A.I. is an inherently networked worldwide effort, and only resources applied with that in mind will be worth the expenditure. They cannot make sure Korea is unthreatened by a new trend, only that Korea participates enough in highly productive networks that Korea gets whatever benefits come from it as soon as possible. Expecting Park to hand the money to hierarchs in hierarchies that regularly piss on her name is, … politically obtuse, and that is just what Korean academics do to her, because of her father.

    The cronies will take the money, and *might* do some good. The academics would take the money, bitch that it isn’t enough, and still piss on her name.

  • Dick Eagleson

    Academics will always plead poverty, whether in South Korea or here in the U.S.

    That said, the likelihood of anything much coming of ROK government grants to ROK business chaebol (conglomerates) to boost AI research is pretty small. The Japanese tried something similar two decades or so ago. Nothing much came of that effort either.

    The whole field of AI owes its genesis to a few oddball folks thinking outside the box in the 50’s and 60’s. The field has since established itself and grown large and various enough that it now has a number of “boxes” of its own. There will continue to be incremental progress within each extant AI “box,” but I suspect breakthrough progress will await one or a few mavericks once again daring to go outside all the established “boxes.”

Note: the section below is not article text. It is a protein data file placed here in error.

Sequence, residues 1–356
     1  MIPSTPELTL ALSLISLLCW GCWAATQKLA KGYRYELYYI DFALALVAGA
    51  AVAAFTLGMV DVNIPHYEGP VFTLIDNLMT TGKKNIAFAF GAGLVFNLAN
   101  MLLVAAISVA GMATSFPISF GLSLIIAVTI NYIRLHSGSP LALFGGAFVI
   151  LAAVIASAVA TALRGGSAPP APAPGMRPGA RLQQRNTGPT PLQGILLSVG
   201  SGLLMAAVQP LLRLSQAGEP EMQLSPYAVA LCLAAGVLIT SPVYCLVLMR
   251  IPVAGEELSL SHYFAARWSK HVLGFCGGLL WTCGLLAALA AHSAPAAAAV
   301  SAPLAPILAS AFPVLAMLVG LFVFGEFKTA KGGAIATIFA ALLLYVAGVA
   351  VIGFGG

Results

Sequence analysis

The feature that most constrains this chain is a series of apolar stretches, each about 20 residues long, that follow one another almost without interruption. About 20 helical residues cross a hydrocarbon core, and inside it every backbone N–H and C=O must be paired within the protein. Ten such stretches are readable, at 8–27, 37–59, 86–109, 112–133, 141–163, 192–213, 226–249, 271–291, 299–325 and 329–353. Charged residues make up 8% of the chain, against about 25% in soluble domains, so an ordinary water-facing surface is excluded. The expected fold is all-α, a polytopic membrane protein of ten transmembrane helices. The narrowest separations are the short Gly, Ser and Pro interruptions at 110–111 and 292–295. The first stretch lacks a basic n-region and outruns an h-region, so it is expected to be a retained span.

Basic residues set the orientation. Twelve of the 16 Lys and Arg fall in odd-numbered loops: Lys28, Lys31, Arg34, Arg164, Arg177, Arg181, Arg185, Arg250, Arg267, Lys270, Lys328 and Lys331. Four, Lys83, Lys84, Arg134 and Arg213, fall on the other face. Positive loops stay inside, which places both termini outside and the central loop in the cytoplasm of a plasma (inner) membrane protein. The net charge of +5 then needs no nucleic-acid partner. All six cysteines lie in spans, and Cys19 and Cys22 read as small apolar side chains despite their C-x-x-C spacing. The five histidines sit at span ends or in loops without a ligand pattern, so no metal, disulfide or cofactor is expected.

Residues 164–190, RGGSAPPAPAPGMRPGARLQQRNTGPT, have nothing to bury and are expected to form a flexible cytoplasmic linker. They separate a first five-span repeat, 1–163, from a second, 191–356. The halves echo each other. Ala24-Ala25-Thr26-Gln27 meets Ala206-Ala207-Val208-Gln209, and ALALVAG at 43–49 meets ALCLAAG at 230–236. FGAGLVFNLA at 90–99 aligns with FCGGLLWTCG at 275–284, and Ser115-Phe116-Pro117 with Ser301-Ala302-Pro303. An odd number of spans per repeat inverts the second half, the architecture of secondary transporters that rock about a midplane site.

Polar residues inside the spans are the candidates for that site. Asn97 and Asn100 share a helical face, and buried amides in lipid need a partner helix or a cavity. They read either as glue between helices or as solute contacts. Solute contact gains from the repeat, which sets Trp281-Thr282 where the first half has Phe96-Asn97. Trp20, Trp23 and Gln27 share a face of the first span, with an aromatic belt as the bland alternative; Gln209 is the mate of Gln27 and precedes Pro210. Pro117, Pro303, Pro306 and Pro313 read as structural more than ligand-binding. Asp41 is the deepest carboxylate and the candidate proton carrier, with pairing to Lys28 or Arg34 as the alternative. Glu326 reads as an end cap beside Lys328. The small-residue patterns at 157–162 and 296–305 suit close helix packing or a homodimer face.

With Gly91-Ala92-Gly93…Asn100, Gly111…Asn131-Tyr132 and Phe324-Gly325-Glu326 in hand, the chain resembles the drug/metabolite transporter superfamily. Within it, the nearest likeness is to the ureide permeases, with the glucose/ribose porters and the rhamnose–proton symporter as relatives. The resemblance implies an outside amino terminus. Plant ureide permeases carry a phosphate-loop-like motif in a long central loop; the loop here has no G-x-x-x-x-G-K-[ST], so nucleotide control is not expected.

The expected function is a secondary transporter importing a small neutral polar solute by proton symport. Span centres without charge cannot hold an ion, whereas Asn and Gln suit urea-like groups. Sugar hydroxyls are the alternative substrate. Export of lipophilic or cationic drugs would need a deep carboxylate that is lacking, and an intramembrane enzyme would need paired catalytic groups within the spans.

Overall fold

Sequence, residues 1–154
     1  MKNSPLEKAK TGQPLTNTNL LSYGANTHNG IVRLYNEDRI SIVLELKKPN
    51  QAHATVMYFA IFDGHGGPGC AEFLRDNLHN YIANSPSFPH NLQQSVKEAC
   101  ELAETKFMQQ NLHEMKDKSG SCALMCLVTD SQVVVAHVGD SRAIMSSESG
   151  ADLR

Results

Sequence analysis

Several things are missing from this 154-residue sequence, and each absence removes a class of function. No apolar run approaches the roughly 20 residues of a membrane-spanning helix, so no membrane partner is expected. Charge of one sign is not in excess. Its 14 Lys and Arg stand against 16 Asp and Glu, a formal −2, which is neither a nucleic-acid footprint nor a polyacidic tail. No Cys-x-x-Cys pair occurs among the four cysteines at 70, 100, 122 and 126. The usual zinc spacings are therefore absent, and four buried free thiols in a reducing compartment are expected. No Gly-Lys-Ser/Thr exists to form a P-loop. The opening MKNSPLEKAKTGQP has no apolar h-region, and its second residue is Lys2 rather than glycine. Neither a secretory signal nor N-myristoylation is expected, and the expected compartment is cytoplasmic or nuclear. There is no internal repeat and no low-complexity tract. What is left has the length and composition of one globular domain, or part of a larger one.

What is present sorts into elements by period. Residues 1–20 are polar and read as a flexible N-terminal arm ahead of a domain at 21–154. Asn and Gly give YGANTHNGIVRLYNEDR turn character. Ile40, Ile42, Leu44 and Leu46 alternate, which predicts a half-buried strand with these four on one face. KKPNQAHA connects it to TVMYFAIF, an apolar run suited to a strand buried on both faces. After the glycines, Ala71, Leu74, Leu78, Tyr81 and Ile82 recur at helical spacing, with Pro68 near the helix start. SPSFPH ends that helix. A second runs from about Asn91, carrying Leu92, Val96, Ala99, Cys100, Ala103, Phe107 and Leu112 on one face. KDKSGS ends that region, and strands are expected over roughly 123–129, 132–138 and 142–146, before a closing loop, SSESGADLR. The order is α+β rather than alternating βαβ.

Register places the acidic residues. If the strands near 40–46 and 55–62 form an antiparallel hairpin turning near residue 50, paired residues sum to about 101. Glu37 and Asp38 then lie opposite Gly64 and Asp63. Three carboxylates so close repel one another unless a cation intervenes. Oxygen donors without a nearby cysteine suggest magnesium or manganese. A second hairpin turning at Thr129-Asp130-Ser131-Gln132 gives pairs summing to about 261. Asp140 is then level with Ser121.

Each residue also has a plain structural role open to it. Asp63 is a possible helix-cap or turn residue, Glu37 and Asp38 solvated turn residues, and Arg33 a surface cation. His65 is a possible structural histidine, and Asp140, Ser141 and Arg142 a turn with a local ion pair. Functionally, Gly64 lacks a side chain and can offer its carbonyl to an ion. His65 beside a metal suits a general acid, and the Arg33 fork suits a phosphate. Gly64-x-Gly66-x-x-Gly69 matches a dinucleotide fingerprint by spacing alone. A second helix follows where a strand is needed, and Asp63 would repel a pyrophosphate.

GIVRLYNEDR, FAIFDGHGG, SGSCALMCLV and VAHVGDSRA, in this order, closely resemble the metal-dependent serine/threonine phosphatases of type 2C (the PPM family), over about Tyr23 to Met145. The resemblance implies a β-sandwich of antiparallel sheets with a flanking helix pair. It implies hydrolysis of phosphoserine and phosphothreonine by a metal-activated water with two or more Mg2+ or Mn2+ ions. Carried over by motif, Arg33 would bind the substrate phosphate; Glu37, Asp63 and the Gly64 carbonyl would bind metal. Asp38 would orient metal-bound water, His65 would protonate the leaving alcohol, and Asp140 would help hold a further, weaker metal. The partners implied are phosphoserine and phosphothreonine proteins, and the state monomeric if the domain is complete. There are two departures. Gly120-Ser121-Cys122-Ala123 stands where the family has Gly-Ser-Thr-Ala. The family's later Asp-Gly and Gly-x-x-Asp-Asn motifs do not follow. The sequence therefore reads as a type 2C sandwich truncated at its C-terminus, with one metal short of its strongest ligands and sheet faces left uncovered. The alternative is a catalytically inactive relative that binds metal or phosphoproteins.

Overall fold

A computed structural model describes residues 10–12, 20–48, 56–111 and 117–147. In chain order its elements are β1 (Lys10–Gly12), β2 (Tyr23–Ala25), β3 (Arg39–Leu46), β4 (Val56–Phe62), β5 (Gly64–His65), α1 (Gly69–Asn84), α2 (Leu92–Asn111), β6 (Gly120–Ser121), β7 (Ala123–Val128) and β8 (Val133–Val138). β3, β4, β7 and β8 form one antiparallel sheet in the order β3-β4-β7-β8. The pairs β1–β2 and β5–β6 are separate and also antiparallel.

Asian societies just seem fundamentally ill-suited to raising up people capable of genuine outside-the-box thought. AI, as a field, was invented by Americans, operating in America and that has been true of most of the significant advances in the field since. That a major breakthrough could occur outside the U.S. is always possible, but that doesn’t seem to be of high probability. Operating within conventional-wisdom-worshiping Asian government and corporate constraints, I would judge its probability of occurring, regardless of funding level, to be asymptotically close to zero.

  • pzatchok

    My only problem is this is not actually an artificial intelligence.
    Its just a very good strategy program. And all that takes is some good programming and computing power.
    Is this computer and program learning to walk, talk, write poetry or figure out how to break light speed?

    It was programmed to a single purpose and bent all its power to that job. It didn’t sit around at night wondering about its existence or if it would get a date tomorrow.

    Its no more intelligent than my Bridge program.

  • D K Rögnvald Williams

    S. Korea could make better use of these funds building recreational facilities, and stop this insane abuse of their children, viz, forcing them to spend practically every waking hour studying.